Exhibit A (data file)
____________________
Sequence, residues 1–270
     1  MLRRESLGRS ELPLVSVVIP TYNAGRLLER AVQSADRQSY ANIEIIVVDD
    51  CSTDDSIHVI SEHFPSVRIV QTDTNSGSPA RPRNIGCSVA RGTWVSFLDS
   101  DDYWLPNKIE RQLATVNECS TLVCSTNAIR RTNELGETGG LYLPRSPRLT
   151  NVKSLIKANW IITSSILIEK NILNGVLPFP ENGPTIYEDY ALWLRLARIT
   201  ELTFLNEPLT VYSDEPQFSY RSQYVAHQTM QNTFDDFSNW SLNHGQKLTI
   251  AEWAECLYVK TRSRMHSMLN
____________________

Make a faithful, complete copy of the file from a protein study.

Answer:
Sequence, residues 1–270
     1  MLRRESLGRS ELPLVSVVIP TYNAGRLLER AVQSADRQSY ANIEIIVVDD
    51  CSTDDSIHVI SEHFPSVRIV QTDTNSGSPA RPRNIGCSVA RGTWVSFLDS
   101  DDYWLPNKIE RQLATVNECS TLVCSTNAIR RTNELGETGG LYLPRSPRLT
   151  NVKSLIKANW IITSSILIEK NILNGVLPFP ENGPTIYEDY ALWLRLARIT
   201  ELTFLNEPLT VYSDEPQFSY RSQYVAHQTM QNTFDDFSNW SLNHGQKLTI
   251  AEWAECLYVK TRSRMHSMLN